During pregnancy, many women experience "rhinitis of pregnancy" (inflammation of the nose), which is characterized by swelling of the nasal lining, with associated mucus drainage. This condition is due to hormonal changes that occur during pregnancy. Interestingly, individuals who take birth control pills (which cause the body to mimic the hormonal state of pregnancy) may also experience nasal symptoms. As with anything that causes swelling of the nasal membranes, rhinitis of pregnancy may lead to a sinus infection. This can be problematic to treat because there are limitations to medications an expectant mother can take. While most physicians are reluctant to prescribe much medication for pregnant women, the use of a saltwater nasal spray or a nonprescription decongestant spray to open the nasal passages may be acceptable. If infection develops, then an antibiotic may be necessary. If you are pregnant, check with your obstetrician before taking any medication.
As medical treatment becomes more sophisticated, we see an increasing number of patients who are "immunosuppressed," or have poorly functioning immune systems. These include patients on chemotherapy or radiation therapy, and those who have had organ transplants. AIDS and HIV-positive patients also have weakened immune systems and may be unable to fight the typical sinus infection. Any of these patients should be under close medical care during treatment for sinus infections. If sinus infections are left untreated, serious complications can result, with the infection spreading to nearby structures, including the eye or the brain. Additionally, immunocompromised patients can have unusual types of organisms growing in their sinuses, such as fungus, which can be destructive; these must be treated aggressively.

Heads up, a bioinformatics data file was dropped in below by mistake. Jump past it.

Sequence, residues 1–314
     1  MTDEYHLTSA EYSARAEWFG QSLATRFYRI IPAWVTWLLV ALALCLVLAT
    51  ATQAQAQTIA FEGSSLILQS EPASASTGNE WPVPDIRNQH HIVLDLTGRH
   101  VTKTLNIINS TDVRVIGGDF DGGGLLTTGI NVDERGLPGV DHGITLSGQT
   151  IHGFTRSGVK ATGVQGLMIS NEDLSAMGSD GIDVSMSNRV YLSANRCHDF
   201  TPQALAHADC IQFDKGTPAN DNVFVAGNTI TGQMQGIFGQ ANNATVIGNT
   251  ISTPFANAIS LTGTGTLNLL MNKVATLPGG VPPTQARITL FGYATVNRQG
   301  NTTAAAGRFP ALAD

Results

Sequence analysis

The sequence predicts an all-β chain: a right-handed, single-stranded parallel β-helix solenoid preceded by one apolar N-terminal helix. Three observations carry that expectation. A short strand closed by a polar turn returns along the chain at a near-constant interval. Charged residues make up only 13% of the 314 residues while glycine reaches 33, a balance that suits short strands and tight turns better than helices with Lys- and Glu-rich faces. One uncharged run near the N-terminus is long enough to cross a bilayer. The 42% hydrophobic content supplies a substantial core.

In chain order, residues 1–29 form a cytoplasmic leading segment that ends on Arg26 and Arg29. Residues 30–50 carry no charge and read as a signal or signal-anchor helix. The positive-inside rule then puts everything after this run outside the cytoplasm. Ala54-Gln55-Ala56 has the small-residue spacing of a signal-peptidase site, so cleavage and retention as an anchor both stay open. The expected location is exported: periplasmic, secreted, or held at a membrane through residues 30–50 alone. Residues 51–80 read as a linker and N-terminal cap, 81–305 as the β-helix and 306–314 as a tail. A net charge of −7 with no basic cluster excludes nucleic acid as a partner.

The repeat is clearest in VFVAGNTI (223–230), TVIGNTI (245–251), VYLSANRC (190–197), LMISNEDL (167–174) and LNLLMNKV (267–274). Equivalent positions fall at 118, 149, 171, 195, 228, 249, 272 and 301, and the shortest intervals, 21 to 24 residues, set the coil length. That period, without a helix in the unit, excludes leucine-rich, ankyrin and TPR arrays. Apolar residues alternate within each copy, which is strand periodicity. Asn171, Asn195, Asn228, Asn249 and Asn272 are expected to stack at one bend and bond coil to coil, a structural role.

Asthma is a disease of lower-lung airway sensitivity to a variety of stimuli. Asthma sufferers are more likely than the average person to have sinus problems. If you have asthma, you may also have hyperactive nasal airways, which lead to sinusitis or nasal polyps. Allergies are also commonly present with asthma and sinusitis, and thus it is felt that the two are interrelated diseases. In addition, patients with asthma may be sensitive to the dripping from a sinus infection. The infected pus that drips from your nose into your throat can exacerbate or set off an asthma attack. It is important for patients with asthma to seek medical attention with early signs of a sinus infection to prevent their asthma from getting worse.